Chicago Department of Public Health Commissioner Dr. Allison Arwady noted Tuesday that Illinois has also reached the threshold to be on the city's order.

"Chicago has decided not to institute restrictions on Illinois," Arwady said, adding that she would still avoid travel as much as possible.

As of last week, the list stood at 20 U.S. states and territories. On Tuesday, 19 remained.

Illinois Restaurant Patrons Must Wear Masks During Interactions With Staff Under New Guidelines

Patrons at restaurants and bars in Illinois must now wear masks when interacting with wait staff and other employees under new state health guidelines, Gov. J.B. Pritzker announced Tuesday.

The new guidelines require patrons at bars, restaurants and other establishments statewide to wear a face covering over their mouth and nose when interacting with staff, state officials said.

This includes when wait staff takes orders, delivers food and beverages or serves tables in general. It applies to indoor and outdoor dining as well as any other facilities with food services areas like indoor recreational facilities, museums and entertainment venues, officials said.

Illinois’ mask mandate applies “even outside,” Gov. J.B. Pritzker said Wednesday, noting that residents should still be wearing masks even if they’re just walking down the street.

"Customers must follow this rule when food and beverages are brought to the table, when orders are placed, and when picking up carry out orders," Pritzker said at a news conference on Tuesday.

"Illinois has had a mask mandate since May 1, and in most establishments people are adhering to it. But it’s important that we treat hospitality employees just as you would in any retail store or establishment," he continued. "This new requirement asks a little bit more of our residents dining out in order to protect their health and safety and that of our frontline hospitality workers, as well."

"Restaurateurs and bar owners want to remain open for business, and this new requirement will help keep people safe while moving the economy forward – that’s a goal we all believe in," Pritzker added.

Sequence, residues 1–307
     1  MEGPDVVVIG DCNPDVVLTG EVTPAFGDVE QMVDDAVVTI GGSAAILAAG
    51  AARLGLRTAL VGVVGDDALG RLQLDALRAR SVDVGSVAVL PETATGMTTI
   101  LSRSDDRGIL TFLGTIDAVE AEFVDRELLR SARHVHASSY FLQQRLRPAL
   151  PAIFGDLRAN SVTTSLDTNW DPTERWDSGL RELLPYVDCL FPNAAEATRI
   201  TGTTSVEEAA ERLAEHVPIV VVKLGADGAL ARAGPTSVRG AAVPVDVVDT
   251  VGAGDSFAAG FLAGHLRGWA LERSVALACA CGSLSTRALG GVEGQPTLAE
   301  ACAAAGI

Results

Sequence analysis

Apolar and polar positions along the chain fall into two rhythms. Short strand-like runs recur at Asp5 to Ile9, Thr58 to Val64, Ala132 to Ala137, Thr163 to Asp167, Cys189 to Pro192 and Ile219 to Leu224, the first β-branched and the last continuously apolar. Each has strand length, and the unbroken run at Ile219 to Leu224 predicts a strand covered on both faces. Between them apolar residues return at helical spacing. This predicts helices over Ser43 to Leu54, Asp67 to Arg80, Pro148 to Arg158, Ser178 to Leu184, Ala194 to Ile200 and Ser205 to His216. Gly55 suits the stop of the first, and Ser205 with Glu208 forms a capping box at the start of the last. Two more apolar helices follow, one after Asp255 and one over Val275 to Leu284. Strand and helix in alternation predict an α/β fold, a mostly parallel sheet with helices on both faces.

Already restaurants in the state require workers to wear a face covering while on the job, and had previously required patrons to wear masks while on the premises, except while eating and drinking at their own table or bar. Health officials said Tuesday that the new guidelines "ensure that while seated, interactions between business staff and patrons can happen safely to prevent possible spread of the virus."

Illinois Reports 1,680 New Coronavirus Cases, 29 Additional Deaths

The state of Illinois reported more than 1,600 new cases of coronavirus and 29 additional fatalities in the last 24 hours, public health officials announced Tuesday.

According to data from the Illinois Department of Public Health, the state has now reported a total of 223,470 cases throughout Illinois since the pandemic began earlier this year.

The 29 additional fatalities bring the state’s total number of deaths related to the virus to 7,917.

Marking a slight increase from one day earlier, the state reported 40,859 new test results Tuesday, far below the more than 50,000 tests turned in to state labs in recent days. Those test results bring the state’s total to 3,781,050 tests during the pandemic.

After rising throughout last week, the statewide seven-day positivity rate dropped from 4.2% to 4.1% on Tuesday.

Lightfoot Creates Winter Outdoor Dining Challenge for Restaurants Across Chicago

Chicago Mayor Lori Lightfoot announced Tuesday that she plans to launch a winter design challenge in an attempt to reimagine the winter outdoor dining experience.

In partnership with IDEO, BMO Harris Bank and the Illinois Restaurant Association, the Winter Design Challenge asks Chicago residents to propose outdoor dining solutions that adhere to COVID-19 guidelines, the mayor's office said.

According to Lightfoot's Office, the challenge will run Aug. 25 to Sept. 7, with winners announced in mid-September. Each winner will receive $5,000 and opportunities to start their idea at restaurants and bars around the city, the office said.

“While we’ve had to implement restrictions and take hard measures to combat a recent rise in COVID-19 activity, we will continue to ensure our restaurants, bars and businesses have the supports they need to survive during these unprecedented times,” Lightfoot said. “We are asking our community members to come together and think creatively about how we can make outdoor dining feasible in the winter.”

The mayor's office said that all Chicago residents are invited to participate in the challenge with submissions accepted on IDEO's open innovation platform.

Bank of America Chicago Marathon Announces Free 2020 ‘Virtual Experience'

In lieu of this year's Bank of America Chicago Marathon, race organizers announced Tuesday the free 2020 Bank of America Chicago Marathon Virtual Experience to bring "the spirit and celebration of race week to you."

"We're inviting everyone to run with us in their own communities and celebrate their achievement virtually with the global running community," Chicago Marathon organizers said in a statement. "Shorter distances from the mile to the half marathon will be available for novice runners to veteran marathoners to take part in a new kind of running experience."

The Bank of America Chicago Marathon Virtual Experience starts on Monday, Oct. 5, and ends on Sunday, Oct. 11, the date that would have been the 43rd running of this year's race. The 2020 Chicago Marathon was canceled amid the coronavirus pandemic.

Will, Kankakee Counties to See New Coronavirus Mitigation Rules as Positivity Rate Rises